GP rejects strategy
The Victorian Government last week asked for expressions of interest from pharmacists and GPs to participate in the new Pharmacist Chronic Disease Management pilot program, but one Seymour GP has already branded it a risky strategy.
The pilot program will see pharmacists and GPs work closely together to help patients manage their chronic illnesses and medication.
But many GPs, who are funded by the Federal Government, are unlikely to be happy with a program that potentially takes paying patients away from them in a similar manner to flu vaccination schemes, where nurses administer injections offsite and obviate the need for a doctor’s appointment.
Through the chronic disease pilot, eligible patients will be able to visit their local pharmacist to monitor chronic conditions and manage medications under the direction of their GP’s care plan.
Seymour Medical Clinic’s Dr Rob Peterson responded to the pilot program plan with disquiet.
‘‘Chronic disease needs to be managed by GPs who can make appropriate medication and treatment changes after taking account of the full patient history, including pathology results, specialist reports and individual responses,’’ Dr Peterson said.
‘‘Involving pharmacists in medical management adds another layer of services that will create confusion and increase risk to the patient.’’
Dr Rosey Panelli, the general practice management consultant at Seymour Medical Clinic and a researcher working in the area of chronic disease, was more outspoken.
‘‘This proposal is yet another strategy that could undermine Australian health care rather than improve it,’’ Dr Panelli said.
‘‘To build healthy communities we need to promote continuity of care. Patients deserve the opportunity to build long-term and trusting relationships with a GP and a medical clinic.’’
Acting Health Minister Jenny Mikakos said more than 87 per cent of Victorians live within 2.5 km of a pharmacy, and the pilot program would give people with chronic diseases a convenient option to access the care and treatment they need.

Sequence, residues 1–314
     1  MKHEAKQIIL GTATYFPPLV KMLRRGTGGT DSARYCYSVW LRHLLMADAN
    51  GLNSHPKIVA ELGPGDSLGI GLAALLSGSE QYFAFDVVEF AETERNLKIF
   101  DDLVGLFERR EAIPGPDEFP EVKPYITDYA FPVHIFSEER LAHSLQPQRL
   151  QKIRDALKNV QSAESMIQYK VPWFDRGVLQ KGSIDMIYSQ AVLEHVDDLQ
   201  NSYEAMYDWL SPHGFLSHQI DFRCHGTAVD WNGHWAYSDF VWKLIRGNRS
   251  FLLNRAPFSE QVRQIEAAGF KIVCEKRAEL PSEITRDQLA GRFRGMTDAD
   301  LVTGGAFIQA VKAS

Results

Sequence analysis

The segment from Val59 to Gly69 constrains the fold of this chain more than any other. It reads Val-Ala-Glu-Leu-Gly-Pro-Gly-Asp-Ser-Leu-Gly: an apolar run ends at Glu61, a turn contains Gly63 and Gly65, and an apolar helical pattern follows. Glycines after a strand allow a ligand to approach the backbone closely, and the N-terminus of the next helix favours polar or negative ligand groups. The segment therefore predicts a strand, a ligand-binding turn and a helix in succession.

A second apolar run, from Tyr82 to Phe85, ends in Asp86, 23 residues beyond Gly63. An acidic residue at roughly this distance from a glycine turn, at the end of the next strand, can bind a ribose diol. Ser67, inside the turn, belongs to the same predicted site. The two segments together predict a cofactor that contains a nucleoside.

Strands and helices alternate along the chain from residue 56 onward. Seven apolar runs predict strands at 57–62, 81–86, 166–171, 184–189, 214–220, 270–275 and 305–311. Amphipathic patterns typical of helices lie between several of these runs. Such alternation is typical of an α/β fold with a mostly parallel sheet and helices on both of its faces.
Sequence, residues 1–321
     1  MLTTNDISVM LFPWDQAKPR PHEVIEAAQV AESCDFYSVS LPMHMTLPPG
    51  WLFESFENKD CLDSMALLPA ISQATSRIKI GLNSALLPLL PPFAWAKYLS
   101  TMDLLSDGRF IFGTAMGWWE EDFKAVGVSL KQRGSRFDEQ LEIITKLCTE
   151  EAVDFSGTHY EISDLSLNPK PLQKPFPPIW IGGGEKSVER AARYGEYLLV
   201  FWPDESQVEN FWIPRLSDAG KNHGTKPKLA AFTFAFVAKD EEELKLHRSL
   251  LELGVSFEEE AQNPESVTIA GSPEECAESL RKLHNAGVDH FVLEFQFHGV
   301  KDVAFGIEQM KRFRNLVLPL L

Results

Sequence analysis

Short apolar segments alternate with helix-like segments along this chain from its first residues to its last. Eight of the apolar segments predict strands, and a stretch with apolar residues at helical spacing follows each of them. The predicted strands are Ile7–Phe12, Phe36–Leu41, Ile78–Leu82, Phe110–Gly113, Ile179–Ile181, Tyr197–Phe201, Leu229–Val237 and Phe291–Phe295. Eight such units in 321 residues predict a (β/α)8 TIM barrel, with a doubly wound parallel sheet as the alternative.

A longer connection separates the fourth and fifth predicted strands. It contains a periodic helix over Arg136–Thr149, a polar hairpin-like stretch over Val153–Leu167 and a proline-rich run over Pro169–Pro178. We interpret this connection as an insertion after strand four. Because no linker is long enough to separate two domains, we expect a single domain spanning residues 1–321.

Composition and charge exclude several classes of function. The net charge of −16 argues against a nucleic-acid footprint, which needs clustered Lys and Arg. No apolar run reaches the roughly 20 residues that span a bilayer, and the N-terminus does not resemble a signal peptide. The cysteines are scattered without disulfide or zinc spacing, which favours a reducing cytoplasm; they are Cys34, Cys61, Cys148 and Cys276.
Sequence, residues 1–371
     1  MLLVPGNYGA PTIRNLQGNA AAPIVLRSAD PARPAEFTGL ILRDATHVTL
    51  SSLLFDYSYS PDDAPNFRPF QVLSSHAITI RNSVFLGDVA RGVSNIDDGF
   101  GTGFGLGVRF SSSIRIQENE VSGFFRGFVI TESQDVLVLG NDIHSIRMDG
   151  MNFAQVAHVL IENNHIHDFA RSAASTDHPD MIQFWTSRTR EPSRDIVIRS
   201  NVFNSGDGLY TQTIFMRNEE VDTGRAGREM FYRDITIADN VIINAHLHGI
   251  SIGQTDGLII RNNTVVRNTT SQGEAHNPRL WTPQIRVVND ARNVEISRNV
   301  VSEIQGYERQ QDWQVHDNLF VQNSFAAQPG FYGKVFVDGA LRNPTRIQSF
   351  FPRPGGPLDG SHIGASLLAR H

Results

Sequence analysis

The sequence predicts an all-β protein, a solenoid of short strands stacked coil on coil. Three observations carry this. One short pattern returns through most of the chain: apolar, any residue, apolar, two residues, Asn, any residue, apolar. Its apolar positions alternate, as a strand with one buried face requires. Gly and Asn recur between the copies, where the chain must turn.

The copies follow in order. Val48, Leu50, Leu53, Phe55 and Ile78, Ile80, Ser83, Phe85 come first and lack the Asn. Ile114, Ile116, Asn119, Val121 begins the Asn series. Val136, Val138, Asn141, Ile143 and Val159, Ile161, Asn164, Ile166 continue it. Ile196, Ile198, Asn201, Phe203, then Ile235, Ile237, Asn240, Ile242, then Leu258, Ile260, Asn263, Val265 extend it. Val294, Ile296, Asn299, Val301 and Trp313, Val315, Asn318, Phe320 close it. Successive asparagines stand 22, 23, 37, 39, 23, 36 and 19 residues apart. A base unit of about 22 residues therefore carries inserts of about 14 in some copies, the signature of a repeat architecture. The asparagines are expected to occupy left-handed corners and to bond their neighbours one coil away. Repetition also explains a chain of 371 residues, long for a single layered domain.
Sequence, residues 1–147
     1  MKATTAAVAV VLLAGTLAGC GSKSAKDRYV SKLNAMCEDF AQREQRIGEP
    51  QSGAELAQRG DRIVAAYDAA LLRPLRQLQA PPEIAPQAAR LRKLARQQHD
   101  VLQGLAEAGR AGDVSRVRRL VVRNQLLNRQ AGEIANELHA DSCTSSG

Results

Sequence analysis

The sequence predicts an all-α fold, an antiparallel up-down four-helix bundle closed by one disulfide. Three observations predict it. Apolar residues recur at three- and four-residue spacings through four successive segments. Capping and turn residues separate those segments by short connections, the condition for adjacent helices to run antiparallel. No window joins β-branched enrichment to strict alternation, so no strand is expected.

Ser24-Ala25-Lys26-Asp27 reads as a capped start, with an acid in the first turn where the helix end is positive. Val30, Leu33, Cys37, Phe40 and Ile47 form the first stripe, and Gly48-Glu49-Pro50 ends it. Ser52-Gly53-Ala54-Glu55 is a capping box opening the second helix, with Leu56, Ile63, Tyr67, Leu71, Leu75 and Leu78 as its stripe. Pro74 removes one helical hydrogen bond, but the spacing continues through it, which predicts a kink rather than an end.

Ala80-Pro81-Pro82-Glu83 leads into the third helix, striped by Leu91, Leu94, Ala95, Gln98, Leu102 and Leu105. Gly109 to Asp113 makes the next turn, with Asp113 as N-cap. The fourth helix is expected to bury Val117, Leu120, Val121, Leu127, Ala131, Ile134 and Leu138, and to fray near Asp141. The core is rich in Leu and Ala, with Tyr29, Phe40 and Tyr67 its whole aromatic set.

‘‘By using the skills of our highly trained pharmacists to deliver primary care we’re helping take pressure off our hospitals and better meet the challenges of rising rates of chronic disease,’’ Ms Mikakos said.
Ms Mikakos said more than half of all visits to GPs now involve the management of at least one chronic condition.
Many of these visits concern renewing prescriptions or making dose adjustments, rather than diagnosing new conditions.
She said by expanding the role of pharmacists in collaboration with GPs, families would have a new convenient option to access the healthcare they need, when they need it and close to home.
Dr Panelli said it was time Australian health policy makers stopped throwing out random suggestions about how to improve the health care system with one hand while taking away resources and respect from general practice with the other.
‘‘We live in an era when many changes in society and in the delivery of medical services threaten to break down what was once a strong and valued primary care system,’’ Dr Panelli said.
‘‘Policies that promote fragmentation of care are ineffective and dangerous.
‘‘Pharmacists and GPs have a long history of working together to assist their patients. However, taking medical services out of the clinic where patient have their history of care, and putting them into a retail setting, is not a positive step for patients and it will create confusion in a system which is becoming increasingly complex.
‘‘Australian general practice has good foundations. We need to value and support the work that is done there. We need to encourage and protect it before it has been weakened beyond recovery.’’
The 18-month pilot program will be implemented in one metropolitan and two rural locations. Eligible locations have been identified as areas with an increased prevalence of chronic disease that would most benefit from the initiative.